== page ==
Drones pursue lost monkey in Scotland

BH Wildlife Consultancy drones use thermal imaging and video to track Japanese Macaque currently on the loose in the Cairngorms. 

The seven year-old monkey, who has not been given a name, is one of a troop of 37 Japanese Macaques at Highland Wildlife Park near Kincraig, a little south of Aviemore. This particular male escaped from his enclosure on Sunday. 

a monkey that is sitting on a tree branch

A Japanese Macaque, like the one missing in Scotland, photo by Ashley Main

In the past two days, BH Wildlife Consultancy has been working with Highland Wildlife Park and the Royal Zoological Society of Scotland (RZSS) to locate the lost monkey using a drone. Yesterday, they located the monkey using thermal imaging and tracked it for 45 minutes – before losing it again. 

Today, the team released a short video showing the monkey stalking through the trees.  

Volunteers from Cairngorm Mountain Rescue Team (CMRT) have also donated the use of their drones to the search.

Ben Harrower, Owner and Co-Founder of BH Wildlife Consulting, says: ‘Despite the sun making it difficult for our thermal imaging to work effectively this morning, we were able to locate the Japanese Macaque this afternoon.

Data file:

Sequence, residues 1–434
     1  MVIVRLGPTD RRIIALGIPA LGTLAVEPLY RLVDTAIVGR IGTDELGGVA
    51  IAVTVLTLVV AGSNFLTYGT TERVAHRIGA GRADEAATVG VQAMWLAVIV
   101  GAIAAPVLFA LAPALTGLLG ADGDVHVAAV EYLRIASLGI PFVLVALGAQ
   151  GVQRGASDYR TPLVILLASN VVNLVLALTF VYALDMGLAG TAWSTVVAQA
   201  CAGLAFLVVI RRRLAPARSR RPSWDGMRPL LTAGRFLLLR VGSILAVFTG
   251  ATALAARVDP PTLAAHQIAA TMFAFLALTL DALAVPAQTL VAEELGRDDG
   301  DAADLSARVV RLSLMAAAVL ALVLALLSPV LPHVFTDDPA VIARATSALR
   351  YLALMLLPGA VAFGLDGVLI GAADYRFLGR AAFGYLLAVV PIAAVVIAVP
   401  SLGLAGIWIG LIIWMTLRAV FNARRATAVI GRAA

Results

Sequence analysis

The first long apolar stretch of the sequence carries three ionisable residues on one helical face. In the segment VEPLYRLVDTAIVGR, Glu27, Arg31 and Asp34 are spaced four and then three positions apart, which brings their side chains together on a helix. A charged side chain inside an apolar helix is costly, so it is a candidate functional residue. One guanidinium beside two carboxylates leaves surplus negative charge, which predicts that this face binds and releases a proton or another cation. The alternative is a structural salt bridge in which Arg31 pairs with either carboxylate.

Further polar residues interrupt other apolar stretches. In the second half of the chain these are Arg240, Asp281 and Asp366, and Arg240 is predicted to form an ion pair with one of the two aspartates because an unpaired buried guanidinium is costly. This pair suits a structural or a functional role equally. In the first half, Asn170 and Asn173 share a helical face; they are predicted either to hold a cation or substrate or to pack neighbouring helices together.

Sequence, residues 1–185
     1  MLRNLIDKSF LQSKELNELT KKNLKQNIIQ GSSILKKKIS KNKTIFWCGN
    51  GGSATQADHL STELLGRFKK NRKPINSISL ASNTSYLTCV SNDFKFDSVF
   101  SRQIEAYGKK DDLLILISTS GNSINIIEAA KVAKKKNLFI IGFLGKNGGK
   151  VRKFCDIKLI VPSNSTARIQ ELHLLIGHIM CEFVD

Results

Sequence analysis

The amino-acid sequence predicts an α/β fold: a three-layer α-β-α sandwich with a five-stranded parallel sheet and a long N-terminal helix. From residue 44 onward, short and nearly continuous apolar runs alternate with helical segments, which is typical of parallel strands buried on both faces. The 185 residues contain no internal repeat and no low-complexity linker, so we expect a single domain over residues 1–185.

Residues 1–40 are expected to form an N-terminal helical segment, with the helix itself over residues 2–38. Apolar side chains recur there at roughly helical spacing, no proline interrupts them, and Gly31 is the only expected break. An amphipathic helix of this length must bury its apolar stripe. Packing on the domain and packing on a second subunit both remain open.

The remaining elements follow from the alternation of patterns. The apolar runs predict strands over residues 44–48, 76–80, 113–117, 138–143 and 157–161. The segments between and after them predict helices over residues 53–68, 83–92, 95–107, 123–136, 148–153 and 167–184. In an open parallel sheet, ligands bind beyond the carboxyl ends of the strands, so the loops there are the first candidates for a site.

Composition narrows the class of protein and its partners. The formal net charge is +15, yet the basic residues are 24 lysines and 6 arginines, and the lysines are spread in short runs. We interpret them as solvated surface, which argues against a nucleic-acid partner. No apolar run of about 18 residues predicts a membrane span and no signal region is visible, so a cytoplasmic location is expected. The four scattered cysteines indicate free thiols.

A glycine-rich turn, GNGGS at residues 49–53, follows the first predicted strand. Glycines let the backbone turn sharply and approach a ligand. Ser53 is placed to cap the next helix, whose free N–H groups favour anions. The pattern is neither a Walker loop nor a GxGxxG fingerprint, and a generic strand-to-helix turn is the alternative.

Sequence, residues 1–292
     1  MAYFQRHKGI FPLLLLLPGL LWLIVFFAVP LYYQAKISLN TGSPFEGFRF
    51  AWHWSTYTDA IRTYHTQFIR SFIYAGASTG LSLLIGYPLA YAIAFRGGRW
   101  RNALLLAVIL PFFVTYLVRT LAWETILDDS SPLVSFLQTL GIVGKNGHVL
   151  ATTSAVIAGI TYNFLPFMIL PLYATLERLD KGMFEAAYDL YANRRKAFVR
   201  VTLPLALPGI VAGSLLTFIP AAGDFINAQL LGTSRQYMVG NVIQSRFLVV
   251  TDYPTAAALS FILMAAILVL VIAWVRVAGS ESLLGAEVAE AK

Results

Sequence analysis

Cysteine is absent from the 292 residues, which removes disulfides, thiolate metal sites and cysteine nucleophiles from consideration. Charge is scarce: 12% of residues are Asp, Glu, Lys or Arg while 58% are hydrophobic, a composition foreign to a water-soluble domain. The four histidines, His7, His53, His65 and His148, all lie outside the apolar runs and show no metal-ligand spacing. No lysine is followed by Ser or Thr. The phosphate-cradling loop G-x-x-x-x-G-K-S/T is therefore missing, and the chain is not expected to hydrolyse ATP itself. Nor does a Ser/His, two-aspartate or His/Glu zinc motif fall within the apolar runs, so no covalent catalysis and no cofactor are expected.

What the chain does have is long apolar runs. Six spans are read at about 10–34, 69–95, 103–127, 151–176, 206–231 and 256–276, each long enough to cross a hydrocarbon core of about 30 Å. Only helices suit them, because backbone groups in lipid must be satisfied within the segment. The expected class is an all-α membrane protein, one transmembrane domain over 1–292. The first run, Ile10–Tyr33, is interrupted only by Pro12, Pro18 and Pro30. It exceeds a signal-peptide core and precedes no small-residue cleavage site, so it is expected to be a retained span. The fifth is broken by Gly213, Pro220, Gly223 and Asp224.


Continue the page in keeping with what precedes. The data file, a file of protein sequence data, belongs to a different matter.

‘The macaque looks in good health and we will continue to support RZSS and the Highland Wildlife Park to help with the safe return of the monkey.’ 

Ben and Katie Harrower established BH Wildlife Consultancy in 2016 to meet a growing demand for thermal-imaging drones in the collection of wildlife data. With drones, surveys can be taken of animals in the wild or in parks and zoos without intruding on them. 

Past projects have included surveying the ratio of hinds to calves in Woburn Deer Park, and a survey of wallabies living wild on the Isle of Man. 

All the company’s drone operators are fully qualified pilots with GVC and A2 certification. They use DJI’s Mavic 3 Pro and Avata FPV drones, the former fitted with a Hasselblad camera that has a 20 megapixel sensor for crisp and detailed video imagery. 

As data is collected by drone surveys, it is automatically uploaded to the cloud and fed directly to dashboard, app and geographic information system (GIS) software. That ensures live and accurate data collection, with interactive tools to help guide analysis and glean insights.

ETA: The story has a happy ending! Having been located by drones, the macaque was lured back to its keepers with some Yorkshire pudding. Monkey, robot helicopters, Yorkshire pudding… this story has it all!

In related news:

Tree trail tech in Frodsham

£60m for two new co-centres on climate and sustainable food 

AI for rewilding farmland in North Yorkshire 


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